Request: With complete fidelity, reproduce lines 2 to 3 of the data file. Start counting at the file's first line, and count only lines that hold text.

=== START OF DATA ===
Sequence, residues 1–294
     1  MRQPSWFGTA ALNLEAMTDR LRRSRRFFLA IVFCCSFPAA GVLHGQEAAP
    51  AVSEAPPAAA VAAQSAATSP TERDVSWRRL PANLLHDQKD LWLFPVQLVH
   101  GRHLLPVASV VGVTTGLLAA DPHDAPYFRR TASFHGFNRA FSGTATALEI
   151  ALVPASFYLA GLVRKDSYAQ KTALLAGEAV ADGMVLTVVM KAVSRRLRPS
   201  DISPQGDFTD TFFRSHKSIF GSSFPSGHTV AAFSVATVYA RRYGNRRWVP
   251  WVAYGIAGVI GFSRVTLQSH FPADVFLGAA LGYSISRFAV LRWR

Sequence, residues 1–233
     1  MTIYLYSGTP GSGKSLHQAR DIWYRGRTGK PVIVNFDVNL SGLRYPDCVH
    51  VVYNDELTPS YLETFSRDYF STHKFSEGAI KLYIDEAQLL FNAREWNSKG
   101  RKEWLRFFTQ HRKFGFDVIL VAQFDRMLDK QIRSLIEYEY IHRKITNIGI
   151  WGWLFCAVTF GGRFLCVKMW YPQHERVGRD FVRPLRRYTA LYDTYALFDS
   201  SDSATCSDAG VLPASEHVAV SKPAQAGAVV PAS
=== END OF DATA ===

     1  MRQPSWFGTA ALNLEAMTDR LRRSRRFFLA IVFCCSFPAA GVLHGQEAAP
    51  AVSEAPPAAA VAAQSAATSP TERDVSWRRL PANLLHDQKD LWLFPVQLVH